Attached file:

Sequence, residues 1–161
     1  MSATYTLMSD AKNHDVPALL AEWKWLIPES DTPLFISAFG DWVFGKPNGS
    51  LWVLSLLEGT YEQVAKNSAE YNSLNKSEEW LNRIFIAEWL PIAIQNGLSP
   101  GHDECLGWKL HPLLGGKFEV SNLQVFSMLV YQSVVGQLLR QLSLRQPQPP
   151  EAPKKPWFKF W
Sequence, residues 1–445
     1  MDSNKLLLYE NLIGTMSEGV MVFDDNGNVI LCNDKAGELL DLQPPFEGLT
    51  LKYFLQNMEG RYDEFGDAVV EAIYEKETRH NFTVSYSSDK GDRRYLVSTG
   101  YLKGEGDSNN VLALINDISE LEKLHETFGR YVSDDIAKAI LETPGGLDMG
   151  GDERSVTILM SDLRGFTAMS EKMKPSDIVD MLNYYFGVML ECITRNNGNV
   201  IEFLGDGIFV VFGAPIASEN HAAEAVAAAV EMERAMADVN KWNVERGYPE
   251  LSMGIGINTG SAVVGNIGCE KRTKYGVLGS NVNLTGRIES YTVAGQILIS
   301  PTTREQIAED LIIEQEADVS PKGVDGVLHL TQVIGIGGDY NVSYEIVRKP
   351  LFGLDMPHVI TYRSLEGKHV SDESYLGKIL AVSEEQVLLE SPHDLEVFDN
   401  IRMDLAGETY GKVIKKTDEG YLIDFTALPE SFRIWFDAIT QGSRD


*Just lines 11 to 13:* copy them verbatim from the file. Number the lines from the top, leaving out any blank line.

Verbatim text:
   201  IEFLGDGIFV VFGAPIASEN HAAEAVAAAV EMERAMADVN KWNVERGYPE
   251  LSMGIGINTG SAVVGNIGCE KRTKYGVLGS NVNLTGRIES YTVAGQILIS
   301  PTTREQIAED LIIEQEADVS PKGVDGVLHL TQVIGIGGDY NVSYEIVRKP